In 1983 the Mäori Trustee had notified the owners of the options for renewing the lease, or having the owners resume it. Three owners responded and none wanted the land resumed. A letter of concern written by an owner had been received too late for the renewal in 1985, since it was received after notice had to be given to the lessee (in November 1984).
In 1991 the Mäori Trustee had again notified the owners by letter of the forthcoming resumption option. Of the thirteen owners who responded 12 supported the renewal of the lease. There was therefore simply no mandate for the Mäori Trustee to resume the land at that time.
While the notice could have given further details of the lease terms, it was adequate enough to put owners on notice about the situation. Also, Part XXV did not require any meeting of owners, and the notice which had been given was adequate.
Nor could the land court find anything wrong in the recent conduct of the Mäori Trustee. In particular:
• In order to put into effect the desire of the owners resume the land the Mäori Trustee had discussed with the lessee a further limited extension of the lease and payment of compensation, based on a 1995 valuation. That valuation now seemed a little high given a fall since 1995 in the value of the land, but the Mäori Trustee could not be blamed for that. It was the legislation rather than the Mäori Trustee which should be blamed for the situation now faced where compensation of $25-28,000 was required, when only $9,000 was held in a sinking fund from rents received.
• The Mäori Trustee could not be responsible for paying for an independent valuation of the compensation owed which had been obtained by the owners. The valuation was not obtained following the procedures laid down in the Act, and could only be used for checking valuations properly obtained.
• There had been an error in recording the terms of the lease in court documents, but the errors were minor, had been corrected, and had not disadvantaged any owner.
• The Mäori Trustee had exceeded his jurisdiction and retained all the rent received in recent years in the sinking fund, rather than distributing half the net rental received to the owners as required by statute (s402(2)). However, there was no necessary disadvantage to the owners in terms of their efforts to resume the lease.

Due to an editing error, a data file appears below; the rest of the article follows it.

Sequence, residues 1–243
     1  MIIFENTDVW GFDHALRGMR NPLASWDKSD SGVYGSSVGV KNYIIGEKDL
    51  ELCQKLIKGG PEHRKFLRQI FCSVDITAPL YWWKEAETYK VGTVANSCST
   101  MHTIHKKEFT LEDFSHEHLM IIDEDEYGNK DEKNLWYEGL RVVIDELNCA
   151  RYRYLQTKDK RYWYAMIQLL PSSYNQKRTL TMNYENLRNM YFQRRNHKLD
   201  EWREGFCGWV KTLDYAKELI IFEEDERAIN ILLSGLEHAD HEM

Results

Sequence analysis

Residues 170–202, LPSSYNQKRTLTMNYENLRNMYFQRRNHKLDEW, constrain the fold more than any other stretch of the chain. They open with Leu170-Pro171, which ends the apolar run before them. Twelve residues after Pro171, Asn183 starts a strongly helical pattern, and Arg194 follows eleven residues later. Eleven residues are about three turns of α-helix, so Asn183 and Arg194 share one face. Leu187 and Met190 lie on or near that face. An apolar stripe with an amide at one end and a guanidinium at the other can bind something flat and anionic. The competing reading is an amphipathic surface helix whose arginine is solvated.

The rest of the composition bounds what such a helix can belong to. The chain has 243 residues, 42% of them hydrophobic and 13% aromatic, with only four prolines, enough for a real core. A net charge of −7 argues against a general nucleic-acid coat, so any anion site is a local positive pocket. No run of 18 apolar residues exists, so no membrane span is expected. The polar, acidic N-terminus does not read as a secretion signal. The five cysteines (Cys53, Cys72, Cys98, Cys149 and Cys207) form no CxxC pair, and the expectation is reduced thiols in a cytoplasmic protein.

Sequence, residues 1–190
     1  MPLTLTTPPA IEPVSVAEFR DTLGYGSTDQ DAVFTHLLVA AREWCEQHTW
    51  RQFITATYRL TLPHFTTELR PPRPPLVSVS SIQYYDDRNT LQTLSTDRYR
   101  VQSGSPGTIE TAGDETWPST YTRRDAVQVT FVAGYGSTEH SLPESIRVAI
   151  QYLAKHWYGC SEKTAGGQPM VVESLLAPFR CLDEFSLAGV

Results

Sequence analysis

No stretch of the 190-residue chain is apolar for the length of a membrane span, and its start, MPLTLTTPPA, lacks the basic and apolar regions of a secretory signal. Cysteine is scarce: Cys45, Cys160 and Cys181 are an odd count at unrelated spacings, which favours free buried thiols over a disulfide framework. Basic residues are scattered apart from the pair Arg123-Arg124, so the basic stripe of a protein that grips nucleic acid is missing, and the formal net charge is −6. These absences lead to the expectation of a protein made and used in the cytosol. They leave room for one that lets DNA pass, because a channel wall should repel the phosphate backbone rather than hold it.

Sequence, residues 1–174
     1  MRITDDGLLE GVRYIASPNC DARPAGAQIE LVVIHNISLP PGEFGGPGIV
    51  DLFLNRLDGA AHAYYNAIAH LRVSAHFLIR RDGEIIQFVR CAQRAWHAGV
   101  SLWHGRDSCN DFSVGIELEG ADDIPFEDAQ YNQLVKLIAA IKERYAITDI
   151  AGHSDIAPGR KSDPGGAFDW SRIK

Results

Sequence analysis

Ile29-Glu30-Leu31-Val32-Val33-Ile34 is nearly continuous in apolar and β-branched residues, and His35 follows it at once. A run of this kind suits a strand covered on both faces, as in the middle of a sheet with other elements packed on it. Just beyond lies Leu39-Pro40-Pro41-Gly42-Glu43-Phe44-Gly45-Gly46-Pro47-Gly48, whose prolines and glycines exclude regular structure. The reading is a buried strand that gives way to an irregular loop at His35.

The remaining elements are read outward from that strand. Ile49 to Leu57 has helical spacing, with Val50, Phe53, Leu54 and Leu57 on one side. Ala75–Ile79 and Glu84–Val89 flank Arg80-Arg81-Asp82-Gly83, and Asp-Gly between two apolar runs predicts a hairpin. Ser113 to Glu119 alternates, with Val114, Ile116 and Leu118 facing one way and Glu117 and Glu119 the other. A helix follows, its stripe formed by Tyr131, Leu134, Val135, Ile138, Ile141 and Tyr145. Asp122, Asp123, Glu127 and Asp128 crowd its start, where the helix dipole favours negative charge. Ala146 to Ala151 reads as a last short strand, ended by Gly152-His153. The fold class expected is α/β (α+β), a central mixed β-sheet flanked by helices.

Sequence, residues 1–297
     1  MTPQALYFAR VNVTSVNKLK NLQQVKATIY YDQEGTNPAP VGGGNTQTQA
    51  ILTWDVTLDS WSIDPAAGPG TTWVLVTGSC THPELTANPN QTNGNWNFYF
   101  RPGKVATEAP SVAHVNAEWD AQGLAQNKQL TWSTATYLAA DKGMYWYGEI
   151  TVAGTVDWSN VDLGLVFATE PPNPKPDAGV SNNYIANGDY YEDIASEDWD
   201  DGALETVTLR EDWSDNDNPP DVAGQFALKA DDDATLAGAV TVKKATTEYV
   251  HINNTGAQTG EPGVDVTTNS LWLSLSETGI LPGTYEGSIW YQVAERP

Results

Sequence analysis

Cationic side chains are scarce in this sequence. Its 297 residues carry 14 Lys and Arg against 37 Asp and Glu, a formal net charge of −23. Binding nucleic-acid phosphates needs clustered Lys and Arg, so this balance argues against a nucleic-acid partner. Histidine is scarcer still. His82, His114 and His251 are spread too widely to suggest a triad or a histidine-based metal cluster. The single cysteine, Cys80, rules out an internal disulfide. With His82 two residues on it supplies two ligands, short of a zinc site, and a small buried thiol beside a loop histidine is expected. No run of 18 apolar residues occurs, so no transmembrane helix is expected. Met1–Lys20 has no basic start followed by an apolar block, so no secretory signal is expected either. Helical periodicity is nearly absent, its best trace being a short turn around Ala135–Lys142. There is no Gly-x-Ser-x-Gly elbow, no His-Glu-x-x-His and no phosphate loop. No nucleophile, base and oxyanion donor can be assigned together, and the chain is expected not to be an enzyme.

The court had "considerable sympathy" for the owners. But their situation has arisen because of the nature of the 1953 Act, not any action by the Mäori Trustee. The legislation fixed the rental which could be obtained at 5% of unimproved value and not a market value, with the consequence that the sinking fund could not cover the compensation now owed.
The option, suggested by the Mäori Trustee, of a fresh 10 year lease to the former lessee as compensation for the improvements, seemed the most viable option open to the owners. If the owners borrowed the money to pay off the compensation for improvements outright, the interest on the loan would take up all incoming rent, making repayment a long process. Viewed in this light, had the Mäori Trustee ended the lease in 1985 or 1992 the owners might have been worse off – because they would have had to lease out the land for an extended period to pay back interest on the money borrowed to pay off the compensation for improvements.
The object of the original lease had been obtained. The land had been brought into production.
Had the legislation in 1985 allowed, or policy encouraged negotiation to end these sorts of situations, the agreement now being discussed could have been arrived at earlier and the land resumed by 1995 or 1999 free of debt.
These provisions in the 1953 Act, first introduced in 1950, were repealed in 1970, and at that time the government could have assessed the likely impact of these sorts of leases on Mäori owners. There had however been no government policy to assist the owners to resume their lands.
Now that they were aware that no claim could lie before the land court on the issue, the new trustees might consider a claim to the Waitangi Tribunal.
Memorandum-Directions of the Waitangi Tribunal concerning the Gisborne Inquiry
(Wai 814, document 2.2, Deputy Chairperson, Chief Judge Williams)
The Waitangi Tribunal’s Deputy Chairperson, Chief Judge Williams, has issued memorandum-directions relating to the Tribunal’s forthcoming inquiry into claims in the Gisborne area. The memorandum advises that the Tribunal will apply its casebook method to the inquiry but with some modifications. In particular, the Tribunal is proposing that the Tribunal conduct a more intensive interlocutory (or preliminary) process before starting hearings than has occurred in other inquiries. The elements to that proposal are as follows.
• The casebook, comprising all major historical research for the Gisborne inquiry will be compiled towards the end of this year.
• All claimant groups would be expected to submit fully particularised statements of claim so as to give the Crown and the Tribunal "fair warning" of the issues in contention and the evidence that is to be advanced.